Campbell River RCMP build case for charges in reserve deer shooting incident

Screen capture of video shows deer that was shot and shown on Snapchat.

Screen capture of video shows deer that was shot and shown on Snapchat.

The investigation involving a First Nations man who shot a deer on the Campbell River Quinsam First Nation reserve last month is expected to conclude this week say RCMP.

The local police say it has taken some time investigate the incident.

“The person was identified right away but it takes time to gather evidence. We want to present a thorough package to Crown Counsel,” said Cpl. Ron Vlooswyk

In the video that went viral Nov. 17, a First Nations man, who has been identified as a We Wai Kai band member is shown shooting a small buck in the backyard of a residence before slitting the deer’s throat and dragging it across the lawn by its leg where it was then left flailing as it bled out. Another man was recording the incident. Both men can be heard laughing and high-fiving in the background.

The video shows the deer was shot with a .22 caliber shotgun, a move seasoned hunters say is inhumane as it rarely kills an animal instantly.

The men seen on the video could face firearm and cruelty to animal charges pending an ongoing investigation lead by the RCMP and BC Conservation.

The hunter, who lives on the Quinsam reserve, has publicly downplayed his actions on social media forums citing his rights as a First Nations hunter.

Meanwhile, the incident has garnered strong negative reaction from the band’s Elders.

“That was horrible, I mean really awful,” says We Wai Kai First Nation Elder, Joy Anderson. “They were all laughing in the video like it was a big joke,” she said. “I was really surprised.”

“There’s no excuse for this,” added Anderson, who says the band has supplied her with seasonal elk but never deer.

“I don’t agree with it,” agreed Chester Lewis, who sits on the band’s Elder’s Council. “There’s a lot of other hunting places. It being a residential area has changed the whole scenario.”

” You can’t just shoot a gun in our backyard,” he adds. “A deer is not a threat in your backyard.”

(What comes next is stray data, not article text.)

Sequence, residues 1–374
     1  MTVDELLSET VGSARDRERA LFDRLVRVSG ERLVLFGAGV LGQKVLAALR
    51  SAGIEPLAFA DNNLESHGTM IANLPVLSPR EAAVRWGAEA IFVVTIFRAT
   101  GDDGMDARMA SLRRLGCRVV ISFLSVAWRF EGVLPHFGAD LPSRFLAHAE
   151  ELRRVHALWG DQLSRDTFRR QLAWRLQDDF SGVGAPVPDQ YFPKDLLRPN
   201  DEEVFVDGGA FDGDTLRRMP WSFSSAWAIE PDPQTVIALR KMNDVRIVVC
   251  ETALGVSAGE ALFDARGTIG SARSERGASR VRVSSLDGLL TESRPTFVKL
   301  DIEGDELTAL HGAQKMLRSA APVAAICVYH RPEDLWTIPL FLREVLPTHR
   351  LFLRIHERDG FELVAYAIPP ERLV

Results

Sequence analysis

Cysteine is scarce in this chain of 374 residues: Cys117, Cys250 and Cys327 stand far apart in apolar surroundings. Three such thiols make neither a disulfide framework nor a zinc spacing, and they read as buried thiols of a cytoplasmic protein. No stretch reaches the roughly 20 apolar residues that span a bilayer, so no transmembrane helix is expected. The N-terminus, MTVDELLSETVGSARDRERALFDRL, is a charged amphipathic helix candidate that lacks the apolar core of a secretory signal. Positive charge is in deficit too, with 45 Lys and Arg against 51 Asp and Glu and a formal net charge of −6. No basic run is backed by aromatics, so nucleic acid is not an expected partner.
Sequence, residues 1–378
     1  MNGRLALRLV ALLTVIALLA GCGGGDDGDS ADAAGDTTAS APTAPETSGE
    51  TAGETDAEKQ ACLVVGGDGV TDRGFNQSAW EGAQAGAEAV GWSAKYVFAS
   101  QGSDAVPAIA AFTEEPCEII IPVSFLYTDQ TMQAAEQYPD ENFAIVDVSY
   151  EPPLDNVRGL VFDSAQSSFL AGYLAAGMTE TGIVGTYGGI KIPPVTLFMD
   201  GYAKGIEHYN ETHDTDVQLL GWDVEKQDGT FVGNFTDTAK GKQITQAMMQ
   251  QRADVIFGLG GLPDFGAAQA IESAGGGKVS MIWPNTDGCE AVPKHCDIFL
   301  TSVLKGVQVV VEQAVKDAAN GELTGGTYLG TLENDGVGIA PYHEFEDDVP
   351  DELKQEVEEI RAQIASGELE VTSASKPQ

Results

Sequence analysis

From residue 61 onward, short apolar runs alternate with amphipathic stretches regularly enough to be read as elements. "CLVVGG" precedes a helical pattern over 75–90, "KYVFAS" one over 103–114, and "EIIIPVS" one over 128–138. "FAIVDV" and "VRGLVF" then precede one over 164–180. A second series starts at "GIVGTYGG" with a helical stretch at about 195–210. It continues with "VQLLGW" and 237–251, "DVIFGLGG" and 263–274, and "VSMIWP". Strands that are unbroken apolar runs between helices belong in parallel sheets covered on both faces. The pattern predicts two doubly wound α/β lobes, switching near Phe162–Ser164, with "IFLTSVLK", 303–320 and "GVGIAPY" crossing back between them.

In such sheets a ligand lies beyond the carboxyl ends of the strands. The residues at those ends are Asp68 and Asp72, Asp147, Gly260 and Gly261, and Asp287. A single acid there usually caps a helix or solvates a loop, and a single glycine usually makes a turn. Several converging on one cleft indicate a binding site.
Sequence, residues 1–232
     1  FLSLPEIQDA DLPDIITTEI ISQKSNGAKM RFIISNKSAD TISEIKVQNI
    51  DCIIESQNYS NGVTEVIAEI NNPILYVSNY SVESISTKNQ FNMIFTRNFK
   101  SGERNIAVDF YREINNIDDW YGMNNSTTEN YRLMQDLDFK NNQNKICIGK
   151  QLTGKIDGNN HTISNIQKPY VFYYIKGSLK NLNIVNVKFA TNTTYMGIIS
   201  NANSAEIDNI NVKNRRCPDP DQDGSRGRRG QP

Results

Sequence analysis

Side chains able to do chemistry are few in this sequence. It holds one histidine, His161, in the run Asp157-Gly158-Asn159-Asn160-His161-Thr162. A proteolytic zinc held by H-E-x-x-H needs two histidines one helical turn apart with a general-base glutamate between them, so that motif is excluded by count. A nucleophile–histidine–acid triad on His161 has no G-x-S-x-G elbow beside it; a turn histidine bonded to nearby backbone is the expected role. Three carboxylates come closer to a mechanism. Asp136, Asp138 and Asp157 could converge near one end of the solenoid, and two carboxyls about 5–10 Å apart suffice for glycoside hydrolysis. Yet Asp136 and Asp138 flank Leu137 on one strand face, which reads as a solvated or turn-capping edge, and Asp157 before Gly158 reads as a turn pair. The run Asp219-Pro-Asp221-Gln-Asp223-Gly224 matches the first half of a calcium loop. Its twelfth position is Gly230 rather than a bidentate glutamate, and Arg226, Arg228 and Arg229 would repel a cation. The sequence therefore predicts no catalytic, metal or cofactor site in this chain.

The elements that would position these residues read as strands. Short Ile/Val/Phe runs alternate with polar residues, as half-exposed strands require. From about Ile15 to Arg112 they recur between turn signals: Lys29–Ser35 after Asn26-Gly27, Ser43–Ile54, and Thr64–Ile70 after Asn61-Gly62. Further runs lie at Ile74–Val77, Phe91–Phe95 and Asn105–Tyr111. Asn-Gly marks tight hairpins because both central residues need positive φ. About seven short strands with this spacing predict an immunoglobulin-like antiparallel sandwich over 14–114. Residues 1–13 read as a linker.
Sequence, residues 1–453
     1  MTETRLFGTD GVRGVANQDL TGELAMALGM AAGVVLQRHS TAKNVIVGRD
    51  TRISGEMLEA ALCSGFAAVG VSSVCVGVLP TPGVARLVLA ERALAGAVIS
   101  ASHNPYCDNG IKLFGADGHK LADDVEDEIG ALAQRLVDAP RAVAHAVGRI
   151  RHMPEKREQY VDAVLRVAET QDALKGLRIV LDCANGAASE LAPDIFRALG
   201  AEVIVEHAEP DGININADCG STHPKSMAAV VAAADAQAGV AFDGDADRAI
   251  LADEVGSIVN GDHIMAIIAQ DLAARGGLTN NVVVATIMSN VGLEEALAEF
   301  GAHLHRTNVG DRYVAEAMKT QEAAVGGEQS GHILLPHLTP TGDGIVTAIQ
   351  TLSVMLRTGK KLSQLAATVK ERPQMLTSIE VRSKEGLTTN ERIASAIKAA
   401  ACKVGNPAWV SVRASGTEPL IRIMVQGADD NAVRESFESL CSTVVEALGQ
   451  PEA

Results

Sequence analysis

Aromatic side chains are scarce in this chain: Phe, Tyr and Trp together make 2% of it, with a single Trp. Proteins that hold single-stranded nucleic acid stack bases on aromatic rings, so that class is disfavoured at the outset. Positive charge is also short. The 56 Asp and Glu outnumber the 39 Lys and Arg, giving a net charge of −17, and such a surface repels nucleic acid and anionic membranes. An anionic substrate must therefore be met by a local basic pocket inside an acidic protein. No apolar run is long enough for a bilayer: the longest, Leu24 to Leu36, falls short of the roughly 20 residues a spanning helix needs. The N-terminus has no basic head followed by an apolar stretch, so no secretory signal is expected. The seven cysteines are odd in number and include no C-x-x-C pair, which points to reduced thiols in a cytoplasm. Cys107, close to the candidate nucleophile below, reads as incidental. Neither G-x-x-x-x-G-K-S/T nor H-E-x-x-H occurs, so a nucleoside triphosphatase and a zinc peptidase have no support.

Though the incident took place on reserve, the Cape Mudge band administration say they are letting RCMP lead the investigation as the First Nation is currently in the process of renewing its bylaws.

“The appropriate authorities are going to do whatever is required,” Chief Brain Assu told the Mirror.

Assu says any additional possible action lead by the We Wai Kai band would tentatively follow the legal decisions made by the municipal, provincial and federal agencies.

“We are trying to renew our bylaws,” says Assu. “We’ve repealed them all in order to update them [and] when we repealed them we automatically adopted the municipal, provincial and federal laws [so] the end of the day we’re leaving it up to the authorities to deal with the situation.”

“We don’t have a draft policy as far as firearms on reserve,” added acting band administrator, Merci Brown. “But we are developing some laws to govern our residential area.”

Brown says the community safety-focused policies are currently in draft form and will be presented to the Cape Mudge band council before end of the month.

Assu says amending hunting regulations will be “front and centre,” on the agenda.

He has assured police he will help the investigation involving the band member.

“We do not condone this type of action,” he says.

“You cannot go out and do something like this and expect your band to stand behind you and be an advocate going forward…You can’t hide behind right and title because you think you can do what you want. There are laws in place for a reason [and] the majority of our band members are saying this is totally wrong.”

If anyone has any information pertaining to the Nov. 17 snapchat incident they are encouraged to contact Campbell River RCMP.

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